An Octofoil Deep Plate from the St. Andrew Service, Meissen, 1744-1745
- with crossed swords mark in blue underglaze, impressed number 21, also with Cyrillic inscription G.Ch. 1604. in red
Kept in the Empress Elizabeth's private apartments, July to November 1745, transferred to the Court Pantry by order of the Empress on November 5, 1745
Transferred from the Imperial Court Chamberlain's Office in the Winter Palace in 1911
State Hermitage Museum, St. Petersburg/Petrograd, Inv. No. 1604
Transferred to Antikvariat on March 22, 1930
Christie's Geneva, November 16, 1992, lot 138, illustrated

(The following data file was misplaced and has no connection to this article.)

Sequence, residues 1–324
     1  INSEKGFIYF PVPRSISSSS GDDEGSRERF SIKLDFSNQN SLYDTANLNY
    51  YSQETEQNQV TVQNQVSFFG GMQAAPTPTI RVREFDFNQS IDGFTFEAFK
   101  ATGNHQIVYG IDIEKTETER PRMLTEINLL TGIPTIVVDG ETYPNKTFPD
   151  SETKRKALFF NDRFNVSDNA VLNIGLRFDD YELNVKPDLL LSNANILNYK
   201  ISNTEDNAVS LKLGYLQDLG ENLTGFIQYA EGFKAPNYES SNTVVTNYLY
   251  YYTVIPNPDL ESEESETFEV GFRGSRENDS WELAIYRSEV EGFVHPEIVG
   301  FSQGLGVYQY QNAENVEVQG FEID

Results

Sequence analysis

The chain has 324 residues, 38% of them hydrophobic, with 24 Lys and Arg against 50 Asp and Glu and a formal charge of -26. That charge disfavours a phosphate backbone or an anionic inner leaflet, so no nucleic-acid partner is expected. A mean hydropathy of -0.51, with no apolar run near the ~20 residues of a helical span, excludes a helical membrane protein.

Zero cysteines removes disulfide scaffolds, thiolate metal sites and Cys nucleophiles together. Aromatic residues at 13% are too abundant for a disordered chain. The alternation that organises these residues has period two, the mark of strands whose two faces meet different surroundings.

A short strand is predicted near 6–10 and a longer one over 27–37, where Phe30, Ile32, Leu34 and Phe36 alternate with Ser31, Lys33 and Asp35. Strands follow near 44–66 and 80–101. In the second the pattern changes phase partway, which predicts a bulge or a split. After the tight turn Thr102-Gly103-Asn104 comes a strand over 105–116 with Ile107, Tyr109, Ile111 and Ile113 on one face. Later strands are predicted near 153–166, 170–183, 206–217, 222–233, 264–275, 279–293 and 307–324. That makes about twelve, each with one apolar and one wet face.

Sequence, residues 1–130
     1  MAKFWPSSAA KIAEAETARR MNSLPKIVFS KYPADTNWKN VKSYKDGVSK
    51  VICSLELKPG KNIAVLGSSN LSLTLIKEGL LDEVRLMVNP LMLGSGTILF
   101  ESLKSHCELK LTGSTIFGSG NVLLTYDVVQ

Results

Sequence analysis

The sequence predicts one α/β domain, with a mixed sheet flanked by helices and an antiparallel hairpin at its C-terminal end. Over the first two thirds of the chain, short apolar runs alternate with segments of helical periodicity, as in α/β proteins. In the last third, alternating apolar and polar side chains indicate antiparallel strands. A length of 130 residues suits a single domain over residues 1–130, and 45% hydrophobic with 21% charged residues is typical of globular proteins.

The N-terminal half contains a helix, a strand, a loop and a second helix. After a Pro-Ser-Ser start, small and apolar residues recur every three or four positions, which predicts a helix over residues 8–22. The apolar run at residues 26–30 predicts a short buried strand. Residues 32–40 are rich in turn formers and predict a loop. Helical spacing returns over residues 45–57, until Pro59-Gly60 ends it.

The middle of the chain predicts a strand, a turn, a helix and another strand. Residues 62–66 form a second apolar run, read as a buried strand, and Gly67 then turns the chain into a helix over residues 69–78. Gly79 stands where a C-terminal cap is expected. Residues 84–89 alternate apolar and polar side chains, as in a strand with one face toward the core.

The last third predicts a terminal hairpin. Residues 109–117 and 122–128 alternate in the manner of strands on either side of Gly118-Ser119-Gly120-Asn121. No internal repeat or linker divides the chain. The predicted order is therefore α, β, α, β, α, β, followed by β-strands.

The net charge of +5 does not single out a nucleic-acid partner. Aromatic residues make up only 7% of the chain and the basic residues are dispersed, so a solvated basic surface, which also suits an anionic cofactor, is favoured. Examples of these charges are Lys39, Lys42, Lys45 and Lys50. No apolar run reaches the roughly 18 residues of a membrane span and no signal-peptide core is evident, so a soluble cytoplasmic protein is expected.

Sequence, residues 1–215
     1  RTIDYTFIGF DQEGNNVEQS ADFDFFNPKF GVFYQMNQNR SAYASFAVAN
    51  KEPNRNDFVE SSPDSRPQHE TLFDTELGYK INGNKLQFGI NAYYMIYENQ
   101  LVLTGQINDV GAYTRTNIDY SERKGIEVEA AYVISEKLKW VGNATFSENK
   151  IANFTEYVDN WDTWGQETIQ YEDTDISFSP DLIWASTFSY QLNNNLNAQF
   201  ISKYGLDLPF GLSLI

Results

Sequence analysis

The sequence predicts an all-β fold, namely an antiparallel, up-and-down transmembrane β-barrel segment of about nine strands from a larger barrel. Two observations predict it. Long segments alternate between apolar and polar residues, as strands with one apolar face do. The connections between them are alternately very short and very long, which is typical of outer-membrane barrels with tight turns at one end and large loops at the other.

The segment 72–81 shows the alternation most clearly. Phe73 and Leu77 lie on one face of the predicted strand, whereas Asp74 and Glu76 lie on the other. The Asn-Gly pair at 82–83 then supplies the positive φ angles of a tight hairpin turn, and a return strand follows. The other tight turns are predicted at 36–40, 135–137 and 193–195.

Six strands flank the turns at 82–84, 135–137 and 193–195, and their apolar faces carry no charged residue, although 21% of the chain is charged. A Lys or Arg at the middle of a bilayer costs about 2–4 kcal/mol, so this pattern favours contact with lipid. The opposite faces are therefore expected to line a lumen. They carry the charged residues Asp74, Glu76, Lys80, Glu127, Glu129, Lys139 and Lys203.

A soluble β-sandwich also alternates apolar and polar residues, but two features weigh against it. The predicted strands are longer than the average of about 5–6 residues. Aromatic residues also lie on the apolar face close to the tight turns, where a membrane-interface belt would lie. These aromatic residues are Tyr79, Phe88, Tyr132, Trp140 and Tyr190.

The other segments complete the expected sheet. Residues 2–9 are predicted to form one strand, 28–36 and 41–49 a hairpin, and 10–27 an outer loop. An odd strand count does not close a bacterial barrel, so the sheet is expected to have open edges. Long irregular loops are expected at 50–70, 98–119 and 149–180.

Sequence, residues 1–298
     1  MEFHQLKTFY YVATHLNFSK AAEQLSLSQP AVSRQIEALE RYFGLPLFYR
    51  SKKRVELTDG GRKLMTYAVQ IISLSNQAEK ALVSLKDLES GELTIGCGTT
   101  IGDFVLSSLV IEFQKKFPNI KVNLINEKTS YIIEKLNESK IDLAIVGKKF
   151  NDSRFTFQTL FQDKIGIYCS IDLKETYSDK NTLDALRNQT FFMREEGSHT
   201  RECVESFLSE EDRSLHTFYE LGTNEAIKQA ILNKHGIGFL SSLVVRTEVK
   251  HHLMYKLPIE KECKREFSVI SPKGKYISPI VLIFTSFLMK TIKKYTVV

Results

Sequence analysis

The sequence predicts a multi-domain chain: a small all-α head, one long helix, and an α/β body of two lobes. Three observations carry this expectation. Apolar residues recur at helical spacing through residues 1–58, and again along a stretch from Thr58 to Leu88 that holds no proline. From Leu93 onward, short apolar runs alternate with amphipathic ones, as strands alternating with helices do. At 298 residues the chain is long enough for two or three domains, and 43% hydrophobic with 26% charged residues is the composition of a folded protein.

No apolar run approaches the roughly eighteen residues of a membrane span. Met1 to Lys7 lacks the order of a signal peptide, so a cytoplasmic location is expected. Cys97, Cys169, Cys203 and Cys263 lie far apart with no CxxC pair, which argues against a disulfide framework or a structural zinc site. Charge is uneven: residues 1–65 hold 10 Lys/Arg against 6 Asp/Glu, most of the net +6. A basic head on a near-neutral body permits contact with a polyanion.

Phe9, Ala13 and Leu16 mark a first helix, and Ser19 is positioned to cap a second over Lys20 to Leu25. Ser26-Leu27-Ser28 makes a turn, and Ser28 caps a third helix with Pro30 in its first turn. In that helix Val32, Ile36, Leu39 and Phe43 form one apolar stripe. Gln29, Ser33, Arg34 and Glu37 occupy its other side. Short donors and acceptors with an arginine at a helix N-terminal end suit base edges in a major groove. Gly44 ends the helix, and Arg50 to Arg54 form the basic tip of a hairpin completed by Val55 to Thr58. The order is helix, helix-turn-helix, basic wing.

The Meissen St. Andrew Service was the largest diplomatic gift the august factory ever produced and demonstrates the key role that unimaginably rare and luxurious porcelain table services played in the complicated diplomatic relations of the eighteenth century. Traditionally, it has been thought that the impetus for the service was Empress Elizaveta Petrovna's complaints to Nicolaus Willibald, Baron von Gersdorf (1713-1765), Saxon ambassador to Russia, that the porcelain services she had were not of sufficient quality and luxury to be used at the annual dinner celebrating the Order of St. Andrew, the first and most prestigious of all the Russian honorific orders. More recently, Lydia Liackhova of the State Hermitage Museum has shown that Russia and Saxony had concluded several important treaties and, perhaps in a bid to gain further Russian support in Saxony's struggles with Prussia, decided to make the St. Andrew Service, on which work had already begun, a gift to the Empress in honor of the marriage of her nephew and heir, Grand Duke Petr Petrovich, to Princess Sophia Augusta Frederika of Anhalt-Zerbst, the future Catherine the Great. The St. Andrew Service holds a central place in the history of European porcelain, for it was among the earliest official services to be produced in Europe, and was the first full table service at the Russian court extensive enough to fulfill the ever more complex requirements of European dining customs and court table etiquette. Designed by the leading Meissen sculptors Johann Joachim Kändler (1706-1775), Johann Gottlieb Ehder (1716/7-1750), Johann Friedrich Eberlein (1695-1749), and Peter Reinecke (ca. 1711-1768), the Andrew Service, as it was originally known, consisted of over 400 pieces including dinner and dessert plates, tea, coffee and chocolate sets, lighting devices and a magnificent centerpiece comprising 190 figurines. The various parts of the service are ornamented with a decorative vocabulary including the mirror cypher of Peter I, founder of the Order, the black double-headed eagle of the Russian state coat-of-arms, and the St. Andrew Cross. The four Latin letters on the ends of the cross – SAPR – stands for the Latin motto Sanctus Andreas Patronus Russiae, or, Saint Andrew, Patron of Russia. On this service, see L. Liackhova, "The Andrew Service," in U. Pietsch et al, Meissen for the Czars, Dresden, 2004, pp. 66-85 and "In a Porcelain Mirror: Reflections of Russia from Peter I to Empress Elizabeth," in Fragile Diplomacy: Meissen Porcelain for European Courts, ca. 1710-63, New Haven and London, 2007, pp. 73-79.